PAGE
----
The aviation industry has been warned about the possibility of flight disruptions caused by activity at Iceland's largest volcano system.
Intense seismic tremors have been recorded at Iceland's Bardarbunga volcano for the past three days, although there are no signs yet of an eruption.
The country's Met Office has raised the risk level to the aviation industry to orange - the fourth level on a five-level scale.
The Met Office said in a statement that the strongest earthquake in the region since 1996 was recorded early on Monday.
"As evidence of magma movement shallower than 10km (6.2 miles) implies increased potential of a volcanic eruption, the Bardarbunga aviation colour code has been changed to orange," the statement said.
"Presently there are no signs of eruption, but it cannot be excluded that the current activity will result in an explosive sub-glacial eruption, leading to an outburst flood and ash emission."
In 2010 an ash cloud caused by the eruption of Iceland's Eyjafjallajokull volcano shut down much of Europe's airspace for six days.
More than 10 million people were affected by the disruption.
Bardarbunga is Iceland's largest volcanic system. It is located under the ice cap of the Vatnajokull glacier, in the country's south-west.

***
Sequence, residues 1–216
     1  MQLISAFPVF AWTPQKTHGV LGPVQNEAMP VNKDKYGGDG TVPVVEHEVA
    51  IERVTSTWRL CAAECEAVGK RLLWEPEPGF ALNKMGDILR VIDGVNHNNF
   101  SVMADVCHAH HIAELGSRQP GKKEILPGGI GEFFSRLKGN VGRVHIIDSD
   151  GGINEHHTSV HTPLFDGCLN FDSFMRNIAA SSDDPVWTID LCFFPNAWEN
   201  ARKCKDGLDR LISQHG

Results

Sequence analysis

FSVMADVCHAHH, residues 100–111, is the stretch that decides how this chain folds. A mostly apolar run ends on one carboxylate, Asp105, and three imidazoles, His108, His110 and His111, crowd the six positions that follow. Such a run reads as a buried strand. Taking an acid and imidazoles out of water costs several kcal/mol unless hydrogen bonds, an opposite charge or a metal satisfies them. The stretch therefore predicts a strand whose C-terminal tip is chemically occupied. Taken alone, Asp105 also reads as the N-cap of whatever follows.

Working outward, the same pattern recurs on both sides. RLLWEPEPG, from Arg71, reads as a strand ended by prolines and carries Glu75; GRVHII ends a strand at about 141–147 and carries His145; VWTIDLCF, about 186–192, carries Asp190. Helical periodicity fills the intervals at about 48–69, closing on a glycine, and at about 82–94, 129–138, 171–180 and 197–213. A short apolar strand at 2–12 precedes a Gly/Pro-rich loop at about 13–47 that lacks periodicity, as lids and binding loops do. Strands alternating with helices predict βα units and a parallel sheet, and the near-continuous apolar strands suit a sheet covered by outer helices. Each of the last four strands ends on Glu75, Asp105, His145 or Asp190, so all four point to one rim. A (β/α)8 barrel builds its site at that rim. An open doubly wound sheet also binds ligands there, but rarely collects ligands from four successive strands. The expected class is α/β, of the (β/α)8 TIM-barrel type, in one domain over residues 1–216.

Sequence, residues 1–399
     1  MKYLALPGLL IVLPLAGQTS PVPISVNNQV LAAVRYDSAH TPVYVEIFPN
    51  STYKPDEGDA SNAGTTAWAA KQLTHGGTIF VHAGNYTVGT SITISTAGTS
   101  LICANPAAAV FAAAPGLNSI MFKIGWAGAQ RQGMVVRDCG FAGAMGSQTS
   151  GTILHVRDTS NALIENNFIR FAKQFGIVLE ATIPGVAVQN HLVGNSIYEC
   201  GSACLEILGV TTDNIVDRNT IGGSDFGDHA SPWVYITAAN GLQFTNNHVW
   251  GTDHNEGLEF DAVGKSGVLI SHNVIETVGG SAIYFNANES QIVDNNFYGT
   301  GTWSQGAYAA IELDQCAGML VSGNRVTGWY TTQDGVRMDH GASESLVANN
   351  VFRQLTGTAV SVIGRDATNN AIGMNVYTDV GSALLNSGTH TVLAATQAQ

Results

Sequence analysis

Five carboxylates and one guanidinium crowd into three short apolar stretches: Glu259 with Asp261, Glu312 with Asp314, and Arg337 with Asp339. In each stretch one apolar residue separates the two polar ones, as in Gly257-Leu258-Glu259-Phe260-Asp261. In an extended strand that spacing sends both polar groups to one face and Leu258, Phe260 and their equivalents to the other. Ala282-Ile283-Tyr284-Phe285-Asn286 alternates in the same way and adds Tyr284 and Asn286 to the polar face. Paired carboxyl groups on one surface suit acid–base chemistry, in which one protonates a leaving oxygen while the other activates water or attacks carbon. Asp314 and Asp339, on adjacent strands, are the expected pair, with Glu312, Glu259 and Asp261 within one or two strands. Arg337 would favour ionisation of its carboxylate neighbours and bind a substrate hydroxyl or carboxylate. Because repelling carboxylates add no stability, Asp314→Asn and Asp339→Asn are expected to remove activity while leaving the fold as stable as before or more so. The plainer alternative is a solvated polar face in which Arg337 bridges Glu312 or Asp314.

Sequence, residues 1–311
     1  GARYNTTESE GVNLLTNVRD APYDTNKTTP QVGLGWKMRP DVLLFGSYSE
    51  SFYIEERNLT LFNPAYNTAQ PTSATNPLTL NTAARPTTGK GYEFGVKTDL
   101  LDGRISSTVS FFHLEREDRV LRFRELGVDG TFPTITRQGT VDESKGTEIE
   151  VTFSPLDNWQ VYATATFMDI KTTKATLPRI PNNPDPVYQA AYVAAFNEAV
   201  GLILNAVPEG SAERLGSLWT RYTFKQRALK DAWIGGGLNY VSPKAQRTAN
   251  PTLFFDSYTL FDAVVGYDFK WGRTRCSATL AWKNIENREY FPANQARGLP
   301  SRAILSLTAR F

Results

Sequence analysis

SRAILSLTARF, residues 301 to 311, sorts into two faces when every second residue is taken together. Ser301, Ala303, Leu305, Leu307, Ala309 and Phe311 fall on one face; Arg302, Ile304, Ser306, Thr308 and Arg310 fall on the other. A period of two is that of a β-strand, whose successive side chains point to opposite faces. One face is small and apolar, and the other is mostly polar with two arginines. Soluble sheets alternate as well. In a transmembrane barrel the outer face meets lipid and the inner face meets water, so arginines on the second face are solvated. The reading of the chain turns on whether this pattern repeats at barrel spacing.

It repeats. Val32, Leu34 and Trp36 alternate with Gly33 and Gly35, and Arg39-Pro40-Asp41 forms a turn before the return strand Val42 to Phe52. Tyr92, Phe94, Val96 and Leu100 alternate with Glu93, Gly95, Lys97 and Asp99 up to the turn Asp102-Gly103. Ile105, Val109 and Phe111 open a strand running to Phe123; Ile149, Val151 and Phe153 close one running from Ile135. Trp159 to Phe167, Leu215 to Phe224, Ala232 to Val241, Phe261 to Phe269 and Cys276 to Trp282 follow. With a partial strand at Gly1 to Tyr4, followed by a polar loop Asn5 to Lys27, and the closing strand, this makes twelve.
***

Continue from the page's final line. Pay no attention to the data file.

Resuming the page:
Met Office seismologist Martin Hensch said the risk of any disruptive ash cloud similar to the one in 2010 would depend upon several factors, including how high any ash coming from the volcano would be thrown.
He added that the biggest risk in Iceland would be caused by flood waves from an eruption beneath the glacier.
Original headline: Airlines Warned Over Iceland Volcano Eruption
Most Popular Stories
- Tablets, Cars Drive AT&T Gains
- 2015 Mazda MX-5 Miata Is Fast and Eager
- Small Businesses Add 3 More Worries to Their List
- DOMA Tech Adding Jobs to Process VA Claims
- Apple Warns of China iCloud Attack
- Job Hunting Is Hard Work
- Tech Firms Flock to LA's 'Silicon Beach'
- Stocks Subdued After Gains Earlier in Week
- Ford, GM Expect to Report Strong Profits
- Consumer Prices Edge Up, Surprising Economists